8 day strike planned
Workers at Britain’s largest container port have launched what they say is an eight-day strike, making them the country’s latest to take action to demand higher wages amid rising inflation and rising costs of living.
Nearly 2,000 workers at the port of Felixstowe, which handles about 4 million containers a year from 2,000 ships, quit their jobs on Sunday.
The uproar has raised concerns over supply chain problems, with only one-fifth of trains running in the UK on Saturday amid a strike by rail workers, and the transport industry already facing a shutdown.
Other industries are also planning strikes
Postal workers are also planning a four-day strike at the end of this month, and telecoms giant BT recently faced the biggest turmoil in decades.
Amazon warehouse workers, criminal lawyers and garbage collectors are among those who have also gone on strike in recent weeks. “The strike action would cause enormous disruption and send huge shockwaves across the UK supply chain, but this dispute is entirely the business of the company,” said the unit’s dock, which represents strike workers from the union in Felixstowe.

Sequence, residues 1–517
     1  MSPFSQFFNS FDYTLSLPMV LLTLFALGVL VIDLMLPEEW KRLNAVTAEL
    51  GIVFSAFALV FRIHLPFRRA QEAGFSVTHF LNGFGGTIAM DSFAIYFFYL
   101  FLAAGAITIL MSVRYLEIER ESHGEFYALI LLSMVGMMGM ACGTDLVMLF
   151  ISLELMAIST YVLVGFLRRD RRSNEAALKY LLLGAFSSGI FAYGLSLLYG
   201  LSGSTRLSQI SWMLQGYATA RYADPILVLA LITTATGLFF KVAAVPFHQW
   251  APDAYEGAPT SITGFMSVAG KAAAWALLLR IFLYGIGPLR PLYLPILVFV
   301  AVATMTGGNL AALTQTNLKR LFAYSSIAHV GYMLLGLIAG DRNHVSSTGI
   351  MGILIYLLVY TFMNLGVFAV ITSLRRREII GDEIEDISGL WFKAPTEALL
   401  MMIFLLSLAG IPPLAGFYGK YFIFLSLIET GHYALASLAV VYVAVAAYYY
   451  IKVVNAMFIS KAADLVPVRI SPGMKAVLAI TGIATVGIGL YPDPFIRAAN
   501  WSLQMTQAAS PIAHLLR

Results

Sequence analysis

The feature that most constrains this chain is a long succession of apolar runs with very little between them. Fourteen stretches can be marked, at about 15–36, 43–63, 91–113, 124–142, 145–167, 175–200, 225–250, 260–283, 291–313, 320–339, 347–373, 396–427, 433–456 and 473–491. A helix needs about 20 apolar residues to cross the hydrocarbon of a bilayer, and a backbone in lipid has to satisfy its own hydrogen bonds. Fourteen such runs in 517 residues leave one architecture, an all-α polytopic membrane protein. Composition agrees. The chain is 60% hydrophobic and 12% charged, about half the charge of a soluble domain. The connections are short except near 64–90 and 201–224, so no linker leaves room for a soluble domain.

Bobby Morton, a national official, told Reuters. “It [the company] had every opportunity [to make] a fair offer to our members, but turned it down.” He called the pay increase offer “fair.”
Wage demands on the back of 40 year high inflation
Inflation in the UK hit a 40-year high last month, surpassing 10%, amid rising food and energy prices, partly due to Russia’s invasion of Ukraine that began on 24 February. “The port offers safe, well-paying jobs and there will be no winners in this unnecessary industrial action,” The Bank of England expects inflation to hit13% this year and the economy to enter recession.
Al Jazeera’s Harry Fawcett, reporting from Felixstowe, said, “The strike could exacerbate an already precarious situation. Shipping group Maersk, one of the world’s largest container shippers, warned that the action would have major repercussions, causing operational delays and forcing changes to its fleet line-up. “This is very important.” It’s a great port, not just specifically for textiles, but for all kinds of products that are brought here,” Fawcett said. “So there are businesses and consumers in the UK who are already struggling. Of course, actions like this will make those supply chains even more vulnerable and could be a factor in future inflation.”
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